In September 2014 recovering alcoholic Paul Parrish attempted to become the oldest person to complete the Arch to Arc triathlon, running 87 miles from Marble Arch to Dover, swimming the English Channel and cycling 182 miles to the Arc de Triomphe, Paris
“This will never end. It will never end. I have been swimming for 17 hours. I only know this fact afterwards and I actually think I have been swimming for much longer. No one is allowed to tell me anything. My crew are under strict instruction to say nothing about time, place or distance left. It has been dark since 7pm the previous evening. That was the last time I had any visual reference other than my pilot boat, Gallivant, bobbing next to me. I know it must be morning soon and the fact that I can’t see light in the sky is confusing me. All is darkness. All is sea. All is hopeless.
“Stroke, one, two, three, head out, stroke, one, two, three. This same action, this same mantra repeated for many hours. At first it had been comforting. I had felt strong and the adventure had seemed possible – probable, even. But now – many, many hours later – it is over. I have failed. I know from all the things that I have read and from all that I know about my own ability that I should have finished this swim hours ago. I have spent the summer swimming with other Channel swimmers and I know from those that have already been successful where, in the pecking order of swim times, I should be. I should be warm, back on board Galivant and heading to Calais. The fact that I haven’t finished swimming by now means something has gone horribly wrong. Something going horribly wrong on a Channel swim preceded by an 87-mile run will mean a compounded disaster that the human body won’t have the resource to deal with. The blood supply transferring oxygen around the body needs organs that are well fed to keep pumping life around me. But every store of energy in my body must be used up now. There can’t possibly be any more left. Any chance of success has gone.”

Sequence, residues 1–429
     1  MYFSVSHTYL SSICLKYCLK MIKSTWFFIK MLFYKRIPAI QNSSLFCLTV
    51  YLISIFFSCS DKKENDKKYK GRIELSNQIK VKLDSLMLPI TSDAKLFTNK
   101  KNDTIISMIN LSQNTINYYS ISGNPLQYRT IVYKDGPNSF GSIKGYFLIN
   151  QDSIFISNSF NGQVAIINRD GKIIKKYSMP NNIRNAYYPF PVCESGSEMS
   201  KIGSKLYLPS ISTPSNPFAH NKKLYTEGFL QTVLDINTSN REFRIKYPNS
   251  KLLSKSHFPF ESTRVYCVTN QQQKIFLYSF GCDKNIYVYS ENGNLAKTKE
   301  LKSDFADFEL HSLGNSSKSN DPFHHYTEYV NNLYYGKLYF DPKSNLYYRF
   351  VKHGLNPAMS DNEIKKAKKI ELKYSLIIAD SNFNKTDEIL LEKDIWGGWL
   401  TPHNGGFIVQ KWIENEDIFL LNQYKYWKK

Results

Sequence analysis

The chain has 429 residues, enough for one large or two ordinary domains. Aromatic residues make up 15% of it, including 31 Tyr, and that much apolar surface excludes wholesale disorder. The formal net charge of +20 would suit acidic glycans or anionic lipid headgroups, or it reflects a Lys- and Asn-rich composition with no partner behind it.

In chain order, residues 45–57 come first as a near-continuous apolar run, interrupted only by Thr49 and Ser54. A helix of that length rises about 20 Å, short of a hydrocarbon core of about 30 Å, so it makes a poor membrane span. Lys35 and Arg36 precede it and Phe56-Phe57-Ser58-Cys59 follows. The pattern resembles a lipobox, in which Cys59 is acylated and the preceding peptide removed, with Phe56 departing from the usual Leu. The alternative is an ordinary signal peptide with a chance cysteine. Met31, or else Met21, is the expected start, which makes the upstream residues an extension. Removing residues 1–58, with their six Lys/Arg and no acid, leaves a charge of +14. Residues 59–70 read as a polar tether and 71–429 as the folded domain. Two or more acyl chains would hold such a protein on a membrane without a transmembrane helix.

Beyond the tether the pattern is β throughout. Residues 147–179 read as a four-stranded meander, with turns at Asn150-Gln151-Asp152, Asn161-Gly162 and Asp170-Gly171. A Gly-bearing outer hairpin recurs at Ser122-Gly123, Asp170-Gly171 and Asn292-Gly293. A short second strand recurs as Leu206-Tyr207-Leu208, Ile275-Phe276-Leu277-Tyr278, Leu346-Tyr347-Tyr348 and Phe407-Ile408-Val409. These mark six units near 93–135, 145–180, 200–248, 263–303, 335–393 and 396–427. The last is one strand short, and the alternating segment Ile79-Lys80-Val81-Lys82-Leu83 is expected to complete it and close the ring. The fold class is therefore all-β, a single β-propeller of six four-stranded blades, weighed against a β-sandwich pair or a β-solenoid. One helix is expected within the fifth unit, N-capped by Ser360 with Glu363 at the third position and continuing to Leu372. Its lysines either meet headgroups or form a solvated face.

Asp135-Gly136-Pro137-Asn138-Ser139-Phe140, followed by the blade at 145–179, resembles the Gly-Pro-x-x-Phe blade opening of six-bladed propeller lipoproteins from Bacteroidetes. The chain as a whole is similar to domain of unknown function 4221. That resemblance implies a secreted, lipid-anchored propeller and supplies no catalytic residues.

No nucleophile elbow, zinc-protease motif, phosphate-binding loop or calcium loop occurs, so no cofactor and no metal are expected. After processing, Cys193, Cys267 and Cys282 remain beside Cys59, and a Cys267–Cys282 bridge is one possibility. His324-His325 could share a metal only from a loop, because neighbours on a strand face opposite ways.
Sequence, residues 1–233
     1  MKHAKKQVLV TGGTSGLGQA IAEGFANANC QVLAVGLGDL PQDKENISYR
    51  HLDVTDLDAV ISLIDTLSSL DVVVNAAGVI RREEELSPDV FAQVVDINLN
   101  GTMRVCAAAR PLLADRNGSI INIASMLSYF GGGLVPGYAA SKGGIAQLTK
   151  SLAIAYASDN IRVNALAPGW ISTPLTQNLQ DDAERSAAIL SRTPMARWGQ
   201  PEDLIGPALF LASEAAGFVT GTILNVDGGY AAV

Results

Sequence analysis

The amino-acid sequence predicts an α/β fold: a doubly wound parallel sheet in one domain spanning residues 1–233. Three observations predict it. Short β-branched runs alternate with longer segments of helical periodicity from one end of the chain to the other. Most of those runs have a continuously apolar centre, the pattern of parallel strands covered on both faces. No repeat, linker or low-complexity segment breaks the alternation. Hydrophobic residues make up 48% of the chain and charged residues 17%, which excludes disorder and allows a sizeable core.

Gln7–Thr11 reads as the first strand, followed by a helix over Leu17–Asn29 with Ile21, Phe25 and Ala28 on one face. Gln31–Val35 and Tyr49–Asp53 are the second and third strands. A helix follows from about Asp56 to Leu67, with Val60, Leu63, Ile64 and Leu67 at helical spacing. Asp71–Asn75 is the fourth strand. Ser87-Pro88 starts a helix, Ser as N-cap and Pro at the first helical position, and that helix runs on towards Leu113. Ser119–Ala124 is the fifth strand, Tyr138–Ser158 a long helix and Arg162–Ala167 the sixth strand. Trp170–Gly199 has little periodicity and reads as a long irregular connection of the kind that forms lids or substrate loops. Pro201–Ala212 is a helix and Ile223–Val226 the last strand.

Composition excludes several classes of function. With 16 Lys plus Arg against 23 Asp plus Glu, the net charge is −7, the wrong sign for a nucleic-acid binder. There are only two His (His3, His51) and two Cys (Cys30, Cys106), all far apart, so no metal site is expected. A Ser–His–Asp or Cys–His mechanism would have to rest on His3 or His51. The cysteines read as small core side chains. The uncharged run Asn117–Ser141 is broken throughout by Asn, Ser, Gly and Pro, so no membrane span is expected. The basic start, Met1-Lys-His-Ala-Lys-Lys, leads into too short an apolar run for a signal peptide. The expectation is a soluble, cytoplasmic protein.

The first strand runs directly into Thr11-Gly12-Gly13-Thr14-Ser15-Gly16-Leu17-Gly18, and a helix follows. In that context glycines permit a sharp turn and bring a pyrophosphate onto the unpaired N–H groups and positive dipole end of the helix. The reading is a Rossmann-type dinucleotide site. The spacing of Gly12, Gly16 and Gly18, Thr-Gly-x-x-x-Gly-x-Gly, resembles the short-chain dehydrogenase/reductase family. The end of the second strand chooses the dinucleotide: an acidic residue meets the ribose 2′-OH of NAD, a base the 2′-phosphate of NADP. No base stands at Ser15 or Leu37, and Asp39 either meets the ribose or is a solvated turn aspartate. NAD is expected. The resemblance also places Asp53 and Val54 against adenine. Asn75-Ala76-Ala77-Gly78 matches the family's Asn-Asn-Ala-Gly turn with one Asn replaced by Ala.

When people ask me how I managed to swim for the 17 and a half hours that I spent in the English Channel that September night in 2014, I answer by saying: “I could keep going because I am an alcoholic”. It’s the answer that I think is the most honest. It is not the answer people want and it frustrates swimmers who want tips on nutrition and training plans.